As the coronavirus outbreak continues to keep its hold on the UK, there are some rays of hope and developments to feel optimistic about.
The PA news agency looks at some of the progression that is being made in the fight to get Covid-19 under control.
Public Health England (PHE) has approved an antibody test from the pharmaceutical giant Roche after experts at its Porton Down facility gave it the green light.
Previously described by Prime Minister Boris Johnson as a “game changer”, the test picks up cases where somebody has had coronavirus in the past, and can be used on people who experienced no symptoms.
Experts believe those who have had Covid-19 develop a degree of immunity, meaning the test could prove a useful tool for helping to ease lockdown restrictions.
Many researchers across the world are racing to develop a vaccine for the virus. A small number have started clinical trials in humans, including a team at the University of Oxford.
Studies of the vaccine candidate in rhesus macaques showed that the animals developed antibodies, and a single vaccination dose was also effective in preventing damage to the lungs.
"EMA is in continuous discussion with?developers and has had contacts with them about 33 vaccines & more than 115 therapeutics," said Marco Cavaleri, EMA's Head of Biological Health Threats & Vaccines Strategy, in a press briefing today. Full recording: https://t.co/MrzPWuI886— EU Medicines Agency (@EMA_News) May 14, 2020
Experts believe results of the human trials could be ready by the middle of June.
Despite Mr Johnson saying there is no guarantee of a vaccine, on Thursday the European Medicines Agency (EMA) said licensed drugs to treat Covid-19 could be available in the next few months, and that a vaccine might be approved in early 2021.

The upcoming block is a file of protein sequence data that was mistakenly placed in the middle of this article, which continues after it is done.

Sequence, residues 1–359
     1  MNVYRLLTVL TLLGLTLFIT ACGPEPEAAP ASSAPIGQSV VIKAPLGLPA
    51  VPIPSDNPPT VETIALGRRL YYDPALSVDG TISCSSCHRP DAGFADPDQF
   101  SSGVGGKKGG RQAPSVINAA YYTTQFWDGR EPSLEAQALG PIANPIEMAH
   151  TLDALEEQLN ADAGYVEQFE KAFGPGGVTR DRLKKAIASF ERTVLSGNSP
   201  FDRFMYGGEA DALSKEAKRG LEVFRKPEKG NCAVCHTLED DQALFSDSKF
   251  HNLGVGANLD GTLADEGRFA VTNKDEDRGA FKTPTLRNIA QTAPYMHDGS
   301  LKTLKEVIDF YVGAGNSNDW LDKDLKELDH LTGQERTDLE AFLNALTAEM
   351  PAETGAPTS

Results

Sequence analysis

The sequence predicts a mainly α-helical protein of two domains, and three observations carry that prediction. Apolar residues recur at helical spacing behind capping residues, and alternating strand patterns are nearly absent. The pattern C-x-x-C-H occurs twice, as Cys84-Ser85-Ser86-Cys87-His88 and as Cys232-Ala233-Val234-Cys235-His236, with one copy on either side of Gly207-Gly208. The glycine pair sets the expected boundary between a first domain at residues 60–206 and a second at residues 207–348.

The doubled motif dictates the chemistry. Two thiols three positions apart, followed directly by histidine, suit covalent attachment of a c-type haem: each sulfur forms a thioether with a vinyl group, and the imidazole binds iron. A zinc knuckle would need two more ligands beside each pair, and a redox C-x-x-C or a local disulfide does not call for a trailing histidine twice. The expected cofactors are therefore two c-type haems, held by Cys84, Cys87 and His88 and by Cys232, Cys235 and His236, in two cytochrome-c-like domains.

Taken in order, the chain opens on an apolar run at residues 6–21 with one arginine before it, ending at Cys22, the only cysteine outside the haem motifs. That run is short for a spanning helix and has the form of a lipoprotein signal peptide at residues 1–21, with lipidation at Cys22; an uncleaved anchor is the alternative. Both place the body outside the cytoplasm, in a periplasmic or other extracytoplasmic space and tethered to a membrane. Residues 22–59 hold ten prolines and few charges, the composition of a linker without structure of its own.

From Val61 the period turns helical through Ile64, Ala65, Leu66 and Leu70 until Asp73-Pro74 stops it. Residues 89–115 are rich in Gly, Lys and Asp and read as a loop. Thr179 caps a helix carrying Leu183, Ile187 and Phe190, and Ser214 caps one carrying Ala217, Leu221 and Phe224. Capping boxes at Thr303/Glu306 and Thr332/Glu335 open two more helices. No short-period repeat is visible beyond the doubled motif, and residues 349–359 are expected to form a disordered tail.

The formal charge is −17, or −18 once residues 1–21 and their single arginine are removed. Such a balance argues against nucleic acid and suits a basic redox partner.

Academics at the University of Cambridge reported that the UK’s rate of reinfection, known as the R number, was now firmly under 1.0.
This is a goal the Prime Minister has set in order to keep gradually releasing the lockdown in the coming months.
The R number represents the average number of people an infected person will pass the virus on to. It is also referred to as the reproduction number.
Nations across the UK are looking at how and when lockdown restrictions may be eased, with England outlining the most comprehensive plan.
If you live in England, you can now spend more time exercising and relaxing outdoors ??— Department of Health and Social Care (@DHSCgovuk) May 14, 2020
You MUST continue to keep at least 2 metres away from anyone that you don't live with.
More info ⬇️https://t.co/yqkGb29vpN#StayAlert #Coronavirus pic.twitter.com/sPrrgED8H9
After weeks of being told to stay at home, from Wednesday the measures in England were relaxed to allow people to spend more time outside, meet a friend at the park and view a potential new home.
Unlimited exercise, sunbathing and meeting one person from another household in a public space has also been permitted, as long as the two-metre rule is respected, while golf clubs, tennis courts and angling were also given the green light.
What else has changed that may help lift spirits?
Sports fans who have been disappointed by the postponement of many events, including the Olympics and Euro 2020, will be able to enjoy live football as the German Bundesliga restarts on Saturday, albeit behind closed doors.
Soap fans will have welcomed the news that the makers of Coronation Street and Emmerdale are in the “final stages” of working on plans for the soaps to return to production.
And EastEnders is set to resume filming by the end of June.
On Thursday, the nation took to their doorsteps for the eighth week in a row to clap for NHS carers and key workers who have put their lives at risk fighting Covid-19.
Elsewhere, countries such as New Zealand and Australia have eased lockdown measures, with pubs in New South Wales opening to the public.